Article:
- Elbow bend: Slowly bend one arm at the elbow until the hand meets the shoulder, then hold for up to 30 seconds with arms by your sides. To create further resistance, hold a weight.
- Wrist flex: Straighten one arm in front of you, palm facing down, and then bend the wrist down. Using the opposite hand, gently press the hand against the body. After 30 seconds of stretching, straighten your wrist. Next, gradually bend the hand up and backward toward the body for 30 seconds while holding it in place with the other hand. For each hand, repeat three times.
- Wrist turn: Hold the hand out with the palm facing up, bending the elbow to form a straight angle. Then, with the palm facing down, turn the wrist. Hold the hand in this position for 5 seconds before releasing it. Increase the number of repetitions to 30 by taking a short pause after each set of ten. This exercise can also be performed with a light weight.
- Palm lift: To push down on the knuckles, place the palm on a level surface and the other hand sideways across them. Lift the fingers of your lower hand and feel the forearm muscles tense up. After then, switch hands and do the exercise again.
If lifestyle changes and medications fail to control an individual’s osteoarthritis-related pain, doctors may propose surgery. Surgery can aid in the improvement of function as well as the reduction of pain.
Elbow surgery can be done in a variety of ways, including:
- Synovectomy: Doctors call the membrane that lines the joint capsule the synovium. During this procedure, a surgeon removes this thin layer of inflamed tissue.
- Arthroscopy: If an individual has bone spurs or loose pieces of bone, a surgeon can remove them during an arthroscopy.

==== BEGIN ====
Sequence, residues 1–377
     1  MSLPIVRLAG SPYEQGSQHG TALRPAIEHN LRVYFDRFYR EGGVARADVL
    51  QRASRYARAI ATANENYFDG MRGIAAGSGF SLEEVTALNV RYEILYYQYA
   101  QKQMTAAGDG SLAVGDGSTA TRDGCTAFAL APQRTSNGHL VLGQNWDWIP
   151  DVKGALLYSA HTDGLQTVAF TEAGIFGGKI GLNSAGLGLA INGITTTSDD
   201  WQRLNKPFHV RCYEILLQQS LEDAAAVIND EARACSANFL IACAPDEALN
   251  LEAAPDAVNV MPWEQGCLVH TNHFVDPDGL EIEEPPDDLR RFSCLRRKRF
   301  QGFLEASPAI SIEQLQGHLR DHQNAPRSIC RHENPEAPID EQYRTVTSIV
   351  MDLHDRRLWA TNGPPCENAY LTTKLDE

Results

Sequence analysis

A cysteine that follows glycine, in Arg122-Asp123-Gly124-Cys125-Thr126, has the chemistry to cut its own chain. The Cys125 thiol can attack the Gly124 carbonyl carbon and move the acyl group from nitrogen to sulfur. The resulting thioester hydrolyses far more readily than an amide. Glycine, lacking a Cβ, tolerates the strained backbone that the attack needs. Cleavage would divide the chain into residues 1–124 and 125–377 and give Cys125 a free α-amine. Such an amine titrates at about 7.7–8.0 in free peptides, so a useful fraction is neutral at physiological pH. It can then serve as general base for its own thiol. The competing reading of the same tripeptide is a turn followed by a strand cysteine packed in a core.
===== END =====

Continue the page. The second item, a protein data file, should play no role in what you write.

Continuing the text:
- Arthroplasty: This technique uses a piece of the person’s Achilles tendon to cover the ends of the worn joint surfaces.
- Joint replacement: A surgeon replaces the damaged parts of the elbow with a prosthesis.
The outlook for someone with elbow osteoarthritis is determined on their unique symptoms and the level of joint function loss.
Some people are unaffected by the condition, while others have a significant handicap that makes it difficult for them to function on a daily basis.
Joint replacement surgery may be the best long-term solution for some people.
The typical wear-and-tear process of aging can cause osteoarthritis in the elbow. Pain, restricted movement, and swelling of the joint are all possible symptoms of this condition.
Although there is no cure for osteoarthritis of the elbow, doctors may recommend frequent physical activity as well as drugs such as anti-inflammatories and corticosteroids to help the body cope.
A doctor may offer surgery to help manage pain and maintain joint mobility if other therapy approaches fail.